First focal plane scopes get a huge groupie following when in reality, 99% of the people saying they have to have a ffp scope don’t even know why they think that, or understand how that difference will even benefit them.
 
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I have a couple of NightForce 8-32x56 NSX long-range target scopes with dot-in-dot MIL dots - they are only exactly representative of a true MIL at one magnification - x22. There is a hash-mark on the zoom ring to allow you to set it. I rarely move off it, except to search at the higher magnifications.
 
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My Leupold 6x's are zero'ed at 2.75" high@100. Depending upon caliber it would mean that the heavy duplex "pointer" would be dead on at 300, which is roughly the longest ethical shot I would take, semi-supported off of sticks and standing. Hope that helps!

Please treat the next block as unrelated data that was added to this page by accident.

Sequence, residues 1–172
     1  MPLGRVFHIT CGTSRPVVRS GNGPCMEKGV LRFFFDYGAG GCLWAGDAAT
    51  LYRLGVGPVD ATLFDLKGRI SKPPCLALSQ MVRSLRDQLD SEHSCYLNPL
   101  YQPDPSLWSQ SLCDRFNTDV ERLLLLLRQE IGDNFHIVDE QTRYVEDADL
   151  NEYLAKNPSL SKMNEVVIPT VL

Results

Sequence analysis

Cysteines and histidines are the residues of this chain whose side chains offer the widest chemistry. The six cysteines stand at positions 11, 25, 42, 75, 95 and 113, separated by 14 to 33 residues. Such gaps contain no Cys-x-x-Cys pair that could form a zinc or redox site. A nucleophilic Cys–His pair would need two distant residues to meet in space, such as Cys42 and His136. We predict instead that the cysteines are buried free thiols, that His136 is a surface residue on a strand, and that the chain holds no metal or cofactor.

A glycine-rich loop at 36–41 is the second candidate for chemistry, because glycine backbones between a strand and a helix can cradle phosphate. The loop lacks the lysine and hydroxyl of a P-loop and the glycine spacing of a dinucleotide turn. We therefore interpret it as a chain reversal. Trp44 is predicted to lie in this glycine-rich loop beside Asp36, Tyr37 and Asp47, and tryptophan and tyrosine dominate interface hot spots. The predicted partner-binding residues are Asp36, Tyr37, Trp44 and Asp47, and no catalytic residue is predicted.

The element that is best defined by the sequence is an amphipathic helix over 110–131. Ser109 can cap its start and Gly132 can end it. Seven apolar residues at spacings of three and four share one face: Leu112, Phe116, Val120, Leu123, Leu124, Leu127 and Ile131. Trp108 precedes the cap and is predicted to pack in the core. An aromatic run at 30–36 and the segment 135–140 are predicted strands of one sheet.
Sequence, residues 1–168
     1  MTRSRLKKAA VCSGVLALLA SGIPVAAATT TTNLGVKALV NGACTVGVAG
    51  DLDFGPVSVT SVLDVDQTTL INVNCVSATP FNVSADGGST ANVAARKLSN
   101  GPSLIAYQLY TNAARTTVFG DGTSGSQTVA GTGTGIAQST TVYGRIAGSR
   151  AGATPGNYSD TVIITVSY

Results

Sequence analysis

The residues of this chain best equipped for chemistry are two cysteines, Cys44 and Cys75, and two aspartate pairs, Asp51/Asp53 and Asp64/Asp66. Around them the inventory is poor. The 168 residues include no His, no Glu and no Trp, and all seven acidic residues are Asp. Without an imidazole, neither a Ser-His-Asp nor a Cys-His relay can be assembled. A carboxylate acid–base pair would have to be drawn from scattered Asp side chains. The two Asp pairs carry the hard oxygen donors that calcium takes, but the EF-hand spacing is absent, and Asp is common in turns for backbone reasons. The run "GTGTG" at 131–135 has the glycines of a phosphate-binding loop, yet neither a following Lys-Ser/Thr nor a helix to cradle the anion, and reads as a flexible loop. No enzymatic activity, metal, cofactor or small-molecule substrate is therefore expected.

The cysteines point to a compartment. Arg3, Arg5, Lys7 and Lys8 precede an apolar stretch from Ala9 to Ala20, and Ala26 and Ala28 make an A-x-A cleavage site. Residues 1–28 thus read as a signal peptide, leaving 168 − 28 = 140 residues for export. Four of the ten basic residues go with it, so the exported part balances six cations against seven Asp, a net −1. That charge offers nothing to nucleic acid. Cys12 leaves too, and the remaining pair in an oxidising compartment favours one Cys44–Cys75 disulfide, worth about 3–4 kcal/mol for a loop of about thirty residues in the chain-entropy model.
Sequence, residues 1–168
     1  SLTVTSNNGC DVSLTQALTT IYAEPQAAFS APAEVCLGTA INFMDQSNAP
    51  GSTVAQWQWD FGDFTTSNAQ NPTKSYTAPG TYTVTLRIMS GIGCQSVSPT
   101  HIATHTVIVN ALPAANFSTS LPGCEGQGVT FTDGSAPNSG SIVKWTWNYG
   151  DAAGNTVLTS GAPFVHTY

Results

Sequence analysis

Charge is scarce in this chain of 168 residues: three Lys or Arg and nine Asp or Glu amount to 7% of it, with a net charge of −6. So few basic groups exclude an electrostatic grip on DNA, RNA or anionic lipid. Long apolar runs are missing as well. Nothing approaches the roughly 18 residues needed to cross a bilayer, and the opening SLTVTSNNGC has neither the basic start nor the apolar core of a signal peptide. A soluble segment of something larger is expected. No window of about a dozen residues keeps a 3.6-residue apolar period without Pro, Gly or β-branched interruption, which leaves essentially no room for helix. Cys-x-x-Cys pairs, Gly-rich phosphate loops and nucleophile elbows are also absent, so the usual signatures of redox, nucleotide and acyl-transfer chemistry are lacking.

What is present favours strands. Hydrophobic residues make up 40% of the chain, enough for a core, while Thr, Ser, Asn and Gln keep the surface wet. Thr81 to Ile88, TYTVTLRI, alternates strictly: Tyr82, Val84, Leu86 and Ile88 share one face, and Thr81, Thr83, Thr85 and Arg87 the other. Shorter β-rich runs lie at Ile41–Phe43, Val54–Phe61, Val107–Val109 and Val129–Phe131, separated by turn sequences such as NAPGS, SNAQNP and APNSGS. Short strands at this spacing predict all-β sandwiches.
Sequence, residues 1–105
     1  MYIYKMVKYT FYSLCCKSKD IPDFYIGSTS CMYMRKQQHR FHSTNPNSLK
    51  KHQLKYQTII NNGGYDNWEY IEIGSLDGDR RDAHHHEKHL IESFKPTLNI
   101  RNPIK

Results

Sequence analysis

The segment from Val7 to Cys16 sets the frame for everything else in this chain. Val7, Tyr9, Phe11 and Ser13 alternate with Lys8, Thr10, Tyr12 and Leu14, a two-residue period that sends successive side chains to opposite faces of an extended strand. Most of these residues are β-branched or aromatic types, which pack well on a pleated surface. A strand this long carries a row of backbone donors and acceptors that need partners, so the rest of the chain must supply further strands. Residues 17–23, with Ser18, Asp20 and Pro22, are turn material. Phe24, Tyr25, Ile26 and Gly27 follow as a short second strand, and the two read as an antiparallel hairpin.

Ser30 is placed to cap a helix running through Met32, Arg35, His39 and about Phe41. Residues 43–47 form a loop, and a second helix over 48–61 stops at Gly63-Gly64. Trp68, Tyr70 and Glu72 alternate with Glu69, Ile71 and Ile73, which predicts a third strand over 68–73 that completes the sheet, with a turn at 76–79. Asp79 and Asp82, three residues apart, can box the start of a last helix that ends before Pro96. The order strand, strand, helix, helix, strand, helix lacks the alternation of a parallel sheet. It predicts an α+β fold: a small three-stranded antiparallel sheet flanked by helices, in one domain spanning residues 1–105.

bbbass

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Zero distance is completely dependent on the cartridge used, the power of the fixed scope, and personal choice/preference.

Using 4x Weaver, I used to zero at 100yds for deer hunting in NE OR. If using a 1.75 in heavy woods on the Westside, it might be different, say 50yds. But my 3x9 and my 4x12 were both set for 3" high at 100yds shooting 6mm Remington and 7mm Rem Mag respectively. And I know many old timers who back in the day zeroed their 3x9 at 200yds for elk in NE OR.
 
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J
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This is wrong, wrong, wrong.